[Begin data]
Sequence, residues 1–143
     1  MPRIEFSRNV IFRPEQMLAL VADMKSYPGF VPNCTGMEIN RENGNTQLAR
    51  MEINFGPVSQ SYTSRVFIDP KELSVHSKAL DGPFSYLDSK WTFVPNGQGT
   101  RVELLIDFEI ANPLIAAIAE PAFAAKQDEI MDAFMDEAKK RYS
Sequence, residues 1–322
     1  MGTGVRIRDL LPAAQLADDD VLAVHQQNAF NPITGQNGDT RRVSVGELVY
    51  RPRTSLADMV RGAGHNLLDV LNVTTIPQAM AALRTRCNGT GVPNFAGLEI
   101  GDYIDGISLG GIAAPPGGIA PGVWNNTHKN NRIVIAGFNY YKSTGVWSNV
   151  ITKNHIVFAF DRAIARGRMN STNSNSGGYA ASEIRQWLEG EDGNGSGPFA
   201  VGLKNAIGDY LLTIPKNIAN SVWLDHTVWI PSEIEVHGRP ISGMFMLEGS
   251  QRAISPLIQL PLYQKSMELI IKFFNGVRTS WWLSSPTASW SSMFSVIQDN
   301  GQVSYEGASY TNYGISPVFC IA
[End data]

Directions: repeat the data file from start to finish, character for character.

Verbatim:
Sequence, residues 1–143
     1  MPRIEFSRNV IFRPEQMLAL VADMKSYPGF VPNCTGMEIN RENGNTQLAR
    51  MEINFGPVSQ SYTSRVFIDP KELSVHSKAL DGPFSYLDSK WTFVPNGQGT
   101  RVELLIDFEI ANPLIAAIAE PAFAAKQDEI MDAFMDEAKK RYS
Sequence, residues 1–322
     1  MGTGVRIRDL LPAAQLADDD VLAVHQQNAF NPITGQNGDT RRVSVGELVY
    51  RPRTSLADMV RGAGHNLLDV LNVTTIPQAM AALRTRCNGT GVPNFAGLEI
   101  GDYIDGISLG GIAAPPGGIA PGVWNNTHKN NRIVIAGFNY YKSTGVWSNV
   151  ITKNHIVFAF DRAIARGRMN STNSNSGGYA ASEIRQWLEG EDGNGSGPFA
   201  VGLKNAIGDY LLTIPKNIAN SVWLDHTVWI PSEIEVHGRP ISGMFMLEGS
   251  QRAISPLIQL PLYQKSMELI IKFFNGVRTS WWLSSPTASW SSMFSVIQDN
   301  GQVSYEGASY TNYGISPVFC IA